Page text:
The latest issue of Tales from the Terminal Room is now available. If you are a Google Desktop Search fan, you might be interested in the article “That darn Google Desktop cache“
Update 20 April 2011: This service has now moved to http://ec.europa.eu/taxation_customs/vies/vieshome.do
If you are VAT registered and trading with companies based in the EU, this site enables you to verify the validity of a company’s VAT number. Select the Member State from the drop-down menu and enter the number to be validated.
The summary and comparison table has been updated with corrections and additions to the column on Exalead.
The section on pharmaceutical information sources on the RBA web site has been extensively updated. It lists a selection of resources that provide data and information on the sector, but is not intended to be comprehensive and is not a directory of companies operating in the sector. Several of the sites mentioned in the list already do that and I do not see any point in reinventing the wheel! There are also numerous cross-sector directories such as Kompass and Europages that allow you to search for companies by product or services and country. Kompass, in particular, has a detailed product classification that enables you to carry out a very precise search and also has a brand/trade name search option. Searching is free in Kompass and there is a limited amount of free information, but access to the full service is priced.
Yahoo has updated its Desktop Search and now supports Thunderbird email. Although previous versions of YDS did index and search Thunderbird files you had to search them under the “All files” category. Now you can chose just “Email”. The number of file types supported in the main program has been considerably reduced, though. If you want the full range of 300+ file types you have to install the expansion pack.
For me, Yahoo Desktop is still by far the best with Copernic’s offering coming second.
Google has at last launched a version of its toolbar for Firefox. It seems to have all the features of the IE version but appears to be missing several of the “special” searches that are incorporated into the separately developed Googlebar, such as Scholar, Print, Video, Dictionary and Glossary Search. Googlebar is also experimenting with adding Google Labs “Google Suggests” into the toolbar, although the version I tried froze on occasion.
I shall stay with Googlebar for the time being.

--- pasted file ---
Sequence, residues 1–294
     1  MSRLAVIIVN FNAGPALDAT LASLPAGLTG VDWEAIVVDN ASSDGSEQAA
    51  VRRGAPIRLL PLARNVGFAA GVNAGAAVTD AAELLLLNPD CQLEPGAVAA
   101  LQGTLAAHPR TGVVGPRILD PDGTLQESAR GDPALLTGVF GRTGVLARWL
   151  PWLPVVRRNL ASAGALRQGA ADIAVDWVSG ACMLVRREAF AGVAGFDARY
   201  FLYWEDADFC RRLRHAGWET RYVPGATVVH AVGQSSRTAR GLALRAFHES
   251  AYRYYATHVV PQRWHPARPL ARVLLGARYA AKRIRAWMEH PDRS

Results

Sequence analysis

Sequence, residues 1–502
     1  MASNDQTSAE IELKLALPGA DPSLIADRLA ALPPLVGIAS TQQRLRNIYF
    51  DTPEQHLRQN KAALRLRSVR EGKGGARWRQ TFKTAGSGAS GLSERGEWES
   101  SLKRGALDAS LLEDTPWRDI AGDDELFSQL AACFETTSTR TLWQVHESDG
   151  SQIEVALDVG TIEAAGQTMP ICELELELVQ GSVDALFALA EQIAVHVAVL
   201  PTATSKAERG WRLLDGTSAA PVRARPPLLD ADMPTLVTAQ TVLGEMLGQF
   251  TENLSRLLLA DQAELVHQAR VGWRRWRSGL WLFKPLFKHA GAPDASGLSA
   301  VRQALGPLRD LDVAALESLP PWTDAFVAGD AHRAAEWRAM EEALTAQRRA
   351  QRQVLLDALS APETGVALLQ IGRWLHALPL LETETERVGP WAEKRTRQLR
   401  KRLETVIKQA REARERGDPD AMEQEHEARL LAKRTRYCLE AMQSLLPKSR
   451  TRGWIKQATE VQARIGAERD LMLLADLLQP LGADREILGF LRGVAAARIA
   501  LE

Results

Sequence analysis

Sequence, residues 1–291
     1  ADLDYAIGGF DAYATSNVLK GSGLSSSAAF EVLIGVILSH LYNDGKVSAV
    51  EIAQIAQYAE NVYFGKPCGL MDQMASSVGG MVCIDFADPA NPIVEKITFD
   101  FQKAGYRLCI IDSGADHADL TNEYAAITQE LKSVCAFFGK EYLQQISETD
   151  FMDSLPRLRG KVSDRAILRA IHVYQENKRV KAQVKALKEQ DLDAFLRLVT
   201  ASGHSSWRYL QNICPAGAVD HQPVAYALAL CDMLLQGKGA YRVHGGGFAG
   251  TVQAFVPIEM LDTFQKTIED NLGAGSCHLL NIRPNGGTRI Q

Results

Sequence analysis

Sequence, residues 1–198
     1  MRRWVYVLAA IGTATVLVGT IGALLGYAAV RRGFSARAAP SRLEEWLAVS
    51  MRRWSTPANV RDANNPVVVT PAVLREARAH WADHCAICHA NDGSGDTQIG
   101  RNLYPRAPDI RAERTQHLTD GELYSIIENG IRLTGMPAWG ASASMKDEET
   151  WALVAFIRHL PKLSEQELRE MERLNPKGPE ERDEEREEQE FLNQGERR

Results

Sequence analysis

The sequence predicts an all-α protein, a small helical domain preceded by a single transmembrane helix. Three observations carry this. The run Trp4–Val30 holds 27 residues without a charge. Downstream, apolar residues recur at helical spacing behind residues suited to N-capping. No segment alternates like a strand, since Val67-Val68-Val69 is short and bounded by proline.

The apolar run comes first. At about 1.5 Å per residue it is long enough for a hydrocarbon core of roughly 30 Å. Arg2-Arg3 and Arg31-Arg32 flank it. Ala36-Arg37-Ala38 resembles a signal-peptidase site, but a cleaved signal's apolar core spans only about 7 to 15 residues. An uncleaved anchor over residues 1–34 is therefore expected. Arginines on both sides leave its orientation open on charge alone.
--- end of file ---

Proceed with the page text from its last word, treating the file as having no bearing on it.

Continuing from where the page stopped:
Gigablast has added a blog search to its home page covering nearly 16.5 million pages. I have not had time to test it thoroughly and compare results with tools such as Feedster and Technorati, but it seems worth adding to my blog search toolkit. There are the same advanced search features as in the web search and the usual Giga Bits that suggest related terms and searches to add to your strategy. For example, I typed in ‘climate change peak oil’ and it came up with quite a lengthy list including ‘oil production peak’, ‘oil depletion’, ‘action on climate change’. You click on a suggestion and it adds it to your existing search string. I find this a very quick and easy way of coming up with different pages of results on a topic.
I’ve given up trying to restrict it to just one page. There are so many search engine features that are worth mentioning that it now fills two pages.
This is a really neat site from UK based SPG Media. RSS news feeds, compiled from news sources world-wide, are organised by sector for example energy, telecoms, transportation. The emphasis is on technologies and the companies that supply them. Feeds are available as both ATOM and RSS.
In addition to the news feeds, there are 28 sector specific technology web sites. Each site provides information on industry projects in production or under development, an A-Z company index of contractors and suppliers, a catalogue of companies by product or service, a diary of relevant exhibitions and conferences, and a list of industry organisations.
It is similar to RSSMix but there does not seem to be any limit to the number of headlines in your merged feed – with RSSMix it is 20 – and no limit to the number of feeds that you can combine. Any more than 4 or 5, though, and I think the resulting mega-feed would become rather unwieldy to scan.